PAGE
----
Standalone Board or Mountable Module?

In my opinion, what makes the Raspberry Pi Pico interesting is its surface-mountable nature thanks to the castellated holes along the board edge. The back side has no components or exposed copper except for 6 test points, so the Pico could be mounted to a carrier board on SMD pads.

Raspberry Pi microcontroller
Raspberry Pi Pico microcontroller back side.

You can design a carrier board and solder the Pico directly to the carrier along the hole edge, just like you would for other SMD modules. However, there is also a standard pin header connection along the back edge of the holes. If you want much higher reliability, you can put pin headers on the Pico and create a through-hole connection onto the carrier board.

What’s nice about this feature is that it gives you the option to use either mounting/connection style. With the Pico, you could use the pin header connection for prototyping and immediately use the castellated holes to attach the same Pico module to a carrier board. Other MCU boards with castellated holes don’t give you this option. There are also mounting holes in all four corners of the Pico board, so it can be used with standoffs or mounted directly to an enclosure.

If you're interested in working with castellated holes, watch this video from Altium Academy:

With the CAD tools in Altium Designer®, you can easily create a footprint with solder pads for the castellated holes on the Raspberry Pi Pico. This makes it easy to include a Raspberry Pi microcontroller or other castellated module in your PCB layout. You’ll also be able to quickly prepare your boards for manufacturing and assembly.

Once you’ve created your board, you can share your design data on the Altium 365® platform, giving you an easy way to work with a remote team and place your board into manufacturing. We have only scratched the surface of what is possible to do with Altium Designer on Altium 365. You can check the product page for a more in-depth feature description or one of the On-Demand Webinars.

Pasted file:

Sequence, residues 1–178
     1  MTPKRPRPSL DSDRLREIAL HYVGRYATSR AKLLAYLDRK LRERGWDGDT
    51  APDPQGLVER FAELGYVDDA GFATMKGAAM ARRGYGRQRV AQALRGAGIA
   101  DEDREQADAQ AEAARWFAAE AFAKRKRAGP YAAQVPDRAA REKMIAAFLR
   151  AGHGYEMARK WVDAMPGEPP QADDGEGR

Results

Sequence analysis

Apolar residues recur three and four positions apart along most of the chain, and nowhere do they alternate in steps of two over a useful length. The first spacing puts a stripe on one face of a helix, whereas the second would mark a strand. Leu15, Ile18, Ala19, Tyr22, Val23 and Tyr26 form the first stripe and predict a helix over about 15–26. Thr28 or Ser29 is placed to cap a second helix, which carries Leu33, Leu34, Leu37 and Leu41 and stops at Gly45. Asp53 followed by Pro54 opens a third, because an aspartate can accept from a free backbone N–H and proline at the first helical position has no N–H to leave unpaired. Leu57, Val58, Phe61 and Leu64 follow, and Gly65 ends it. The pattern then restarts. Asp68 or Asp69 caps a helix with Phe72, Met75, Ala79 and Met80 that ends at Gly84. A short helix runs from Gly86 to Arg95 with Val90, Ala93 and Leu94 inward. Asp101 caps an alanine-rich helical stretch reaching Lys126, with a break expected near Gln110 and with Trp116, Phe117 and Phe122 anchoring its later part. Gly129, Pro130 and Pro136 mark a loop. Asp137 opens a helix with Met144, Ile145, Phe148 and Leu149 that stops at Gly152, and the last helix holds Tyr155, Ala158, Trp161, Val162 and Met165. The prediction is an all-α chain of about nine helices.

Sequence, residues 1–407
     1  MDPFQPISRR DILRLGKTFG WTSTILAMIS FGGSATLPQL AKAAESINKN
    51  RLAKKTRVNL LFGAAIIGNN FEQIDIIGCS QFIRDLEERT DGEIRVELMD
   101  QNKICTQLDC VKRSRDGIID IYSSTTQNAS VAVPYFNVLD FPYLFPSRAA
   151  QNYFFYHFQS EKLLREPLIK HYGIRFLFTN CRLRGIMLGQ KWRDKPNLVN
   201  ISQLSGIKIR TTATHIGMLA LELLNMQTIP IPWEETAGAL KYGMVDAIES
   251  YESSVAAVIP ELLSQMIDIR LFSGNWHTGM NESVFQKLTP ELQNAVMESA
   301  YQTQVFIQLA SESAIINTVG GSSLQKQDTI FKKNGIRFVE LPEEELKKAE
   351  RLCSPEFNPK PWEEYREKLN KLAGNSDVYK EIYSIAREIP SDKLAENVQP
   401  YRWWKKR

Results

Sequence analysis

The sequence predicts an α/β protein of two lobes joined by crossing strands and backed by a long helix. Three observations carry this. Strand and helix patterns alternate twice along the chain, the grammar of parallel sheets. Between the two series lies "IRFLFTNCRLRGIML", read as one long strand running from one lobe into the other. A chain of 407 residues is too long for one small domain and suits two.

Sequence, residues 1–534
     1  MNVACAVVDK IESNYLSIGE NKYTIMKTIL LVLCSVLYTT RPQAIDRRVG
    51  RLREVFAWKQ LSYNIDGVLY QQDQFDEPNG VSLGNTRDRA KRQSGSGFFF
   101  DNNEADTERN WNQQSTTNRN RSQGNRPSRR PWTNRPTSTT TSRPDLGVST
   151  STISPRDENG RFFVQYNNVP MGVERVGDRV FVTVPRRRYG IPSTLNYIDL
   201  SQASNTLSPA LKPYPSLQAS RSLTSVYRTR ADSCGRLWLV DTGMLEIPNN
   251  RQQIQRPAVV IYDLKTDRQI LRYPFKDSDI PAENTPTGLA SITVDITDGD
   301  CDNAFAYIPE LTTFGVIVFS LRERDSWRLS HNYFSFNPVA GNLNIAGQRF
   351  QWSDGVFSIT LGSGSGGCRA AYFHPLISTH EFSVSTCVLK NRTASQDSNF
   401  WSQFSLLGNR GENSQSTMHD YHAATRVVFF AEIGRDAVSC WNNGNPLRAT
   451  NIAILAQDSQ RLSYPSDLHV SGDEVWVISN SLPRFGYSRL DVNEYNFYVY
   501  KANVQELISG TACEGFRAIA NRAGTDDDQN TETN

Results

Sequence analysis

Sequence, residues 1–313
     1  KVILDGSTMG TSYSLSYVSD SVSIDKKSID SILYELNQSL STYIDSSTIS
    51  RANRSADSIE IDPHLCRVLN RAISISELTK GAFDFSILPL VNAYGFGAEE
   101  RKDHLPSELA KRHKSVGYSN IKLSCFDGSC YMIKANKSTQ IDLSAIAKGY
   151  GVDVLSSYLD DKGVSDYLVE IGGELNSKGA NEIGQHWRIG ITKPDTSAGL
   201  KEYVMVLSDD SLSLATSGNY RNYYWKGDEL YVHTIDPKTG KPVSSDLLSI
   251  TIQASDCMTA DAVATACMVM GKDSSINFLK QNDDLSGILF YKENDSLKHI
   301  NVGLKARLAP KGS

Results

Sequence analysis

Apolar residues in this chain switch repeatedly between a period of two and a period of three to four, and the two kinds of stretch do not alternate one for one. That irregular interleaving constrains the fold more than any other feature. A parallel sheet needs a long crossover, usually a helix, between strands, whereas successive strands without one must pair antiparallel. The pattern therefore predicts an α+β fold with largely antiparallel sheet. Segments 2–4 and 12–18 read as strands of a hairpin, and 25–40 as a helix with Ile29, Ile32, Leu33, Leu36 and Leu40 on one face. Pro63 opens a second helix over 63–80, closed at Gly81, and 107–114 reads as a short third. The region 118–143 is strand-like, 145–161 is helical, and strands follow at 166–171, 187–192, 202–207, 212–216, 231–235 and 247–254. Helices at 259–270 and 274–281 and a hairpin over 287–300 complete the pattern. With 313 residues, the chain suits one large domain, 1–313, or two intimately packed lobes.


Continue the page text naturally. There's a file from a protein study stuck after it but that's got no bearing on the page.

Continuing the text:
About Author

About Author

Zachariah Peterson has an extensive technical background in academia and industry. He currently provides research, design, and marketing services to electronics companies. Prior to working in the PCB industry, he taught at Portland State University. He conducted his Physics M.S. research on chemisorptive gas sensors and his Applied Physics Ph.D. research on random laser theory and stability. His background in scientific research spans topics in nanoparticle lasers, electronic and optoelectronic semiconductor devices, environmental sensing and monitoring systems, and financial analytics. His work has been published in over a dozen peer-reviewed journals and conference proceedings, and he has written hundreds of technical blogs on PCB design for a number of companies. Zachariah currently works with other companies in the electronics industry providing design, research, and marketing services. He is a member of IEEE Photonics Society, IEEE Electronics Packaging Society, and the American Physical Society, and he currently serves on the INCITS Quantum Computing Technical Advisory Committee.